BTW, just as a general point of strategy, regardless of whether radicals are involved, I recommend checking any algebra values you find by plugging them back into the original equation given in the problem, when possible.  It’s just a good habit to check your work.

Extraneous roots play a role in both of the sample problems above.  Having read this post, you may want to go back and give them another attempt before reading the solutions below.  Questions?  Let us know in the comment section at the bottom.


Solutions to the sample questions

1) The radical is already isolated, so square both sides.


(x – 9)(x + 1) = 0

preliminary solutions: x = {+9, –1}

At this point, an unsuspecting student might be tempted to answer (C), the trap answer.  BUT, the problem is: one or both of these answers could be extraneous.  We need to check each by plugging back into the original expression.

x = –1


This answer does not check — the left & right sides have different values.  Thus, x = –1 is an extraneous root, not a solution to the problem.

(NB: it’s often the case that an extraneous root will make the two sides equal to values equal in absolute value and opposite in sign.)

x = 9


The value x = 9 checks — it makes the two sides equal, and thus satisfies the original equation.  This is the only solution, so only option III contains a root.

Answer = (B)

2) Using a tried and true DS strategy, start with the easier statement, Statement #2.


(y – 4)(y + 2) = 0

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y = +4 or y = –2

Since there are two values of y, this statement, alone and by itself, is not sufficient.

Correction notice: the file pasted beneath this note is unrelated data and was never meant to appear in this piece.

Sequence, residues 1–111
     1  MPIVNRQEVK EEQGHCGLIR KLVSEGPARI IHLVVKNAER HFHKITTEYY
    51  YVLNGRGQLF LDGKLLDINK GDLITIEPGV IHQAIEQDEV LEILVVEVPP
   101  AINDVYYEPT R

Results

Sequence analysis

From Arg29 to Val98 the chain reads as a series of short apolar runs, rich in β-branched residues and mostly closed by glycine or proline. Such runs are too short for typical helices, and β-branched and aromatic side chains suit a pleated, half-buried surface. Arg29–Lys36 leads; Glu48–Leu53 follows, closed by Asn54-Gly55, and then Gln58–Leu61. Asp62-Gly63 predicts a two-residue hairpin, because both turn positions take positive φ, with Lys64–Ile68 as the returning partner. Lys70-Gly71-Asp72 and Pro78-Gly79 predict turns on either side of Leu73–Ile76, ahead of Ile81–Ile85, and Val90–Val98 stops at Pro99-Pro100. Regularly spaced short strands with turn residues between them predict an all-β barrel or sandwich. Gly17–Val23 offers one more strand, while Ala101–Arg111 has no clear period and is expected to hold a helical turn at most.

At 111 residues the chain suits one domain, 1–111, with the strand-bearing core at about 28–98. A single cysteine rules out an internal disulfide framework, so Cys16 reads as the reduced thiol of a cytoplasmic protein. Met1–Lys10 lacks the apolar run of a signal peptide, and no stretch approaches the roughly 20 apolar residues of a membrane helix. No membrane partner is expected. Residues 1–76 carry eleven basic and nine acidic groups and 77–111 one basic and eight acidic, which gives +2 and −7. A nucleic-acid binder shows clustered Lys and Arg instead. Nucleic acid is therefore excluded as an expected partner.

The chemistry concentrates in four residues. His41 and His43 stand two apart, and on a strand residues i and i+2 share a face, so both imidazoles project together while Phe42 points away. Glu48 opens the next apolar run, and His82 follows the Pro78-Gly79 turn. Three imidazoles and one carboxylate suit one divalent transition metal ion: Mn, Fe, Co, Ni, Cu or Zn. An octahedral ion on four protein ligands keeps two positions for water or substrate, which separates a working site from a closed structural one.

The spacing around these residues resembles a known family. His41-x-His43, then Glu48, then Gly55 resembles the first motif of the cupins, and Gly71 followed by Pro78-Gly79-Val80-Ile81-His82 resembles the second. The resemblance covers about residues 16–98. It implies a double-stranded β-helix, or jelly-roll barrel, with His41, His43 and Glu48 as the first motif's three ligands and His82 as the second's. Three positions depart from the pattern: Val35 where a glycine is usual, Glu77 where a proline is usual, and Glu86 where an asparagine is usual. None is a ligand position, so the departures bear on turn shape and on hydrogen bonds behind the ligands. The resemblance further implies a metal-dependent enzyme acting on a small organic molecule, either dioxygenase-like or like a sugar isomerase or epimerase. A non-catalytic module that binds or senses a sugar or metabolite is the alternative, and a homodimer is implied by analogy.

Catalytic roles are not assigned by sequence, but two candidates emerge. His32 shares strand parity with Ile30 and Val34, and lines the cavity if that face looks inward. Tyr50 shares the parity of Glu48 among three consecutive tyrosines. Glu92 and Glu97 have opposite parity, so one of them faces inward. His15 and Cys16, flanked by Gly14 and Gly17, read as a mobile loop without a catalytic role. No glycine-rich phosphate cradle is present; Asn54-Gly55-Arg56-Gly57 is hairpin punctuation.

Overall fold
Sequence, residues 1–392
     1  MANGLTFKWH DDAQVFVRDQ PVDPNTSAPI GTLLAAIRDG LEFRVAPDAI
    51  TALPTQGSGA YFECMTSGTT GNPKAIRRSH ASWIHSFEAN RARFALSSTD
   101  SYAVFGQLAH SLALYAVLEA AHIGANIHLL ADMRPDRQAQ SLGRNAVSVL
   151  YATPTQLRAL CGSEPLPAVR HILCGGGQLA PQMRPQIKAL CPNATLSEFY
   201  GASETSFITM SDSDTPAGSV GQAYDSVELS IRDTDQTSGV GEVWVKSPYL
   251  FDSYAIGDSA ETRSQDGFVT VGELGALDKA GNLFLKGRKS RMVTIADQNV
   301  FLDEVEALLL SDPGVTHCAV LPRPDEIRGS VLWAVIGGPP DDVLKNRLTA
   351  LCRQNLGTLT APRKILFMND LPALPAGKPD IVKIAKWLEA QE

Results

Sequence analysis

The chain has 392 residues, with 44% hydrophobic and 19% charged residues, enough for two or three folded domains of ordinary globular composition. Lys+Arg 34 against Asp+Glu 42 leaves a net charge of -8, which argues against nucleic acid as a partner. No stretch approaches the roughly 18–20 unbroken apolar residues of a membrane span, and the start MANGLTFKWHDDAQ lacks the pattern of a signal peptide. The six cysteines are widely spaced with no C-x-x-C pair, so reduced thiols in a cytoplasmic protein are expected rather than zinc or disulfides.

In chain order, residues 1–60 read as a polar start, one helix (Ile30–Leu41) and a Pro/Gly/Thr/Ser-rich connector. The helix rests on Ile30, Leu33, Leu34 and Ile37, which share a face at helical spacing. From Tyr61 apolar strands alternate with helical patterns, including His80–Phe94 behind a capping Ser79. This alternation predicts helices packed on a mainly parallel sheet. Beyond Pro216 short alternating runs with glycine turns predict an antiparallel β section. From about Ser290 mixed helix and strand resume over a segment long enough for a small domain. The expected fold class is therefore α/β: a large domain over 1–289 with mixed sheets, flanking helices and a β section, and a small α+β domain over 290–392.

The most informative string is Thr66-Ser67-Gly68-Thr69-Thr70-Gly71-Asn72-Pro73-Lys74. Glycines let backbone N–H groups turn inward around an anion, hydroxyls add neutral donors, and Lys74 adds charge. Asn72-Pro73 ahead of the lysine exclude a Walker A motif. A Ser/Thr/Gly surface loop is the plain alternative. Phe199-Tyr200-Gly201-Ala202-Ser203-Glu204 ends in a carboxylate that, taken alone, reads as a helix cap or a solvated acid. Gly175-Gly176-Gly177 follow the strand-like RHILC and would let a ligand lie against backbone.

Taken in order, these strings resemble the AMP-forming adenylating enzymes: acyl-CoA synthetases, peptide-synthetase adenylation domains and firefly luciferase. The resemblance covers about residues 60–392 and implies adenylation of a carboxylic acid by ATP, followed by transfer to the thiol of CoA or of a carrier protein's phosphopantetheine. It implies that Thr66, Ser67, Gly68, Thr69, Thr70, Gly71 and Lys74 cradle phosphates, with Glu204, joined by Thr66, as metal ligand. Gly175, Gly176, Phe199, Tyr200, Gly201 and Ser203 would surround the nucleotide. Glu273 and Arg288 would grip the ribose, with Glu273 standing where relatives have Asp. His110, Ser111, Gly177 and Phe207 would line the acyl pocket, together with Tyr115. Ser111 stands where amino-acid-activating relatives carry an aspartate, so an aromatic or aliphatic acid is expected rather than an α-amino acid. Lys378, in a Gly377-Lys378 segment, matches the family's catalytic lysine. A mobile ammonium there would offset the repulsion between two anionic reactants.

The radical is already isolated, so square both sides.


Lo and behold!  We have arrived at the same equation we found in Statement #2, with solutions y = +4 or y = –2.  The naïve conclusion would be — this statement says exactly the same thing as the other.  That’s incorrect, though, because we don’t know whether both of these values are valid solutions, or whether one or more is an extraneous root.  We need to test this in the original equation.

Test y = +4


This value checks — y = +4 is a valid solution to the equation

Test y = –2


The two sides are not equal, so this does not check!  This value, y = –2, is an extraneous root.

Thus, the equation given in Statement #1 has only one solution, y = 4, so this equation provides a definitive answer to the prompt question.  This statement, alone and by itself, is sufficient.

Answer = (A)



  • Mike MᶜGarry

    Mike served as a GMAT Expert at Magoosh, helping create hundreds of lesson videos and practice questions to help guide GMAT students to success. He was also featured as “member of the month” for over two years at GMAT Club. Mike holds an A.B. in Physics (graduating magna cum laude) and an M.T.S. in Religions of the World, both from Harvard. Beyond standardized testing, Mike has over 20 years of both private and public high school teaching experience specializing in math and physics. In his free time, Mike likes smashing foosballs into orbit, and despite having no obvious cranial deficiency, he insists on rooting for the NY Mets. Learn more about the GMAT through Mike’s Youtube video explanations and resources like What is a Good GMAT Score? and the GMAT Diagnostic Test.